A hint of the violence the world is in for slipped the other day off the tongue of British Prime Minister David Cameron, who called “swarms” the thousands of illegal migrants now staring in Britain’s eyes when it looks through the Chunnel.

Critics who attacked Cameron’s choice of words may for a while temper political rhetoric, but they won’t reverse the growing sense of impatience that most Brits now share and their prime minister voiced, and they will not lower, let alone remove, any of the era’s proliferating walls.

In the era that is upon us borders will continue to tighten, hearts to stiffen, and minds to darken. In due course border patrols will shoot with growing frequency while jihadist terrorism will hammer at civilization with growing audacity until jobless mobs, like those who are already torching mosques in Sweden, increasingly attack stores, schools and shrines of those they will see as their invaders, robbers and killers.

So grotesque is the aftermath of the previous age’s gospel of a borderless humanity that the new era’s prophet of borderless salvation is this ideal’s great perversion, Islamic State.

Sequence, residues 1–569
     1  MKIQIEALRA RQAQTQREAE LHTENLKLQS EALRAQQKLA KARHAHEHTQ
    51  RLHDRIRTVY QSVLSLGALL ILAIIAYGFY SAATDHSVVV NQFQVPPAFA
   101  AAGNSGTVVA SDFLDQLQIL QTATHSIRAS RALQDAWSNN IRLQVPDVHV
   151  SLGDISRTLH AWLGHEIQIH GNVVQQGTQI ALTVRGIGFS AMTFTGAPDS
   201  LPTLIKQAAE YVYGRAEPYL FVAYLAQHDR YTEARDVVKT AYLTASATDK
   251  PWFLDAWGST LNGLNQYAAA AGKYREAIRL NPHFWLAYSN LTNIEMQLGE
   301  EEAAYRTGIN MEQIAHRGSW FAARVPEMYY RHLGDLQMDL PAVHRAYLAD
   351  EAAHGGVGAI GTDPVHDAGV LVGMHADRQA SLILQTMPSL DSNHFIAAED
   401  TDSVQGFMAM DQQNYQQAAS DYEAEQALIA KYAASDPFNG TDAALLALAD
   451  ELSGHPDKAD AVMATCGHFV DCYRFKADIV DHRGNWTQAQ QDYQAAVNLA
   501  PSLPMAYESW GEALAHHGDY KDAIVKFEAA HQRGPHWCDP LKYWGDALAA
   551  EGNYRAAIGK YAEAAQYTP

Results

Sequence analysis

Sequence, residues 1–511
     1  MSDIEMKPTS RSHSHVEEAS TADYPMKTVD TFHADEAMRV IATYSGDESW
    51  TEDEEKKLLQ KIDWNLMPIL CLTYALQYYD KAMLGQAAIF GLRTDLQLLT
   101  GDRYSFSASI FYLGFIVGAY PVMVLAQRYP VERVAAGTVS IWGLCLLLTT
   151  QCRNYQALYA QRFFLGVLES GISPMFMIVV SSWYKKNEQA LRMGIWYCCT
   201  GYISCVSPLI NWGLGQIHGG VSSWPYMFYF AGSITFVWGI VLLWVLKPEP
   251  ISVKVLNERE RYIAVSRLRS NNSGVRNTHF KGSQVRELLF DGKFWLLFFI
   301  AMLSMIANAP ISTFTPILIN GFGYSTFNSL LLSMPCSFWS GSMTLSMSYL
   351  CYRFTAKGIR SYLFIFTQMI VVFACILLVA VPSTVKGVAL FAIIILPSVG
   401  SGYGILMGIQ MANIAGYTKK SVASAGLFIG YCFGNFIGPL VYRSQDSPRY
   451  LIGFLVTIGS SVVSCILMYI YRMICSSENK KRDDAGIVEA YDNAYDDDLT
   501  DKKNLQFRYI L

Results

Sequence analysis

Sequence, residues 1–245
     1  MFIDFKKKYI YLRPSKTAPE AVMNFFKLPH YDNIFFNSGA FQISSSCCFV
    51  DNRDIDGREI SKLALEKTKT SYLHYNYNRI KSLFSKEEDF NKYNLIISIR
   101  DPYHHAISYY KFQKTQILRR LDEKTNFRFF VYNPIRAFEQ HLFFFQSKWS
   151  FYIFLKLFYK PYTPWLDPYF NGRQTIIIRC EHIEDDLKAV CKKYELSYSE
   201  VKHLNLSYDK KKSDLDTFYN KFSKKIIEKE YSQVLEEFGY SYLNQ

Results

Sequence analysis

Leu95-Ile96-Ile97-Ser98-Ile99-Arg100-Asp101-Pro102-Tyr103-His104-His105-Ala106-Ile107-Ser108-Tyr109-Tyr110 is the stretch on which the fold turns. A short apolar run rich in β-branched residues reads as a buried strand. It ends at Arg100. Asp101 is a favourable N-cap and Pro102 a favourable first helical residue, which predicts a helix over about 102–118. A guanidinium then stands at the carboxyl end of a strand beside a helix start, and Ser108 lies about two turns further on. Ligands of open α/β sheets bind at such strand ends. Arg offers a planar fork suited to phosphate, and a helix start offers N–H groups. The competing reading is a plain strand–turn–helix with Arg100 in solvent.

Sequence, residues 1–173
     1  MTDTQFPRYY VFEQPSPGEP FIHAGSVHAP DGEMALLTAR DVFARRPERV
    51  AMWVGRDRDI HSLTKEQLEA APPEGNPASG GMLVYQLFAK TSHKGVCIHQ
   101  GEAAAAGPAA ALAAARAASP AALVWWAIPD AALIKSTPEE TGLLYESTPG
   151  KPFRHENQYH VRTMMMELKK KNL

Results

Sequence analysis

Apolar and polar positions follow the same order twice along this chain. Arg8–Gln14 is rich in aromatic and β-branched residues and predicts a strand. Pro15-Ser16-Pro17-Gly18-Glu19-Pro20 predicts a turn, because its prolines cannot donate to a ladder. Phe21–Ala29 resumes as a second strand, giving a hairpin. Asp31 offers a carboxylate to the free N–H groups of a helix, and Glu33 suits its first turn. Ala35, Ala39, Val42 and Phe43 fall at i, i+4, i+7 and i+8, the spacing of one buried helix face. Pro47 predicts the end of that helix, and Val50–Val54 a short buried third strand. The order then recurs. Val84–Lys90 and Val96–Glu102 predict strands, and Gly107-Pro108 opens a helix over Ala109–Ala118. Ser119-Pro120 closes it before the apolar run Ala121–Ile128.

Now, in the spirit of the fundamentalists’ medieval mindset, the world that only yesterday was as open as ancient Rome will gradually return to what feudal Europe was, a truncated ruggedness of isolated fortresses inhabited by introverted landlords and topped by pacing, suspicious and trigger-happy sentries.

LAST WEEK, as the Ninth of Av’s dusk replaced its daytime’s punishing heat, I climbed the bridge above Jerusalem’s Cinematheque and surveyed the view – from where Roman troops once built the dike with which they doubled Jerusalem’s siege, to where Middle Israel built the wall that stemmed terror’s assault.

It had been 11 years since I wrote of the newly sprouted wall that it marked the end of an era; an Israeli era; the era when Middle Israel, recalling how in 1967 it felled Jerusalem’s walls and welded its estranged halves, set out to eradicate the rest of the region’s partitions and produce a New Middle East. Looking at the young wall I conceded wryly that Middle Israelis “are building a wall to their east and looking to their west.”

A decade on, looking to our west is no longer any consolation, as the entire world is becoming a thicket of physical, legal and mental walls, as if God descended on the visionaries of globalization, United Europe and the New Middle East, and convicted them of rebuilding the Tower of Babel.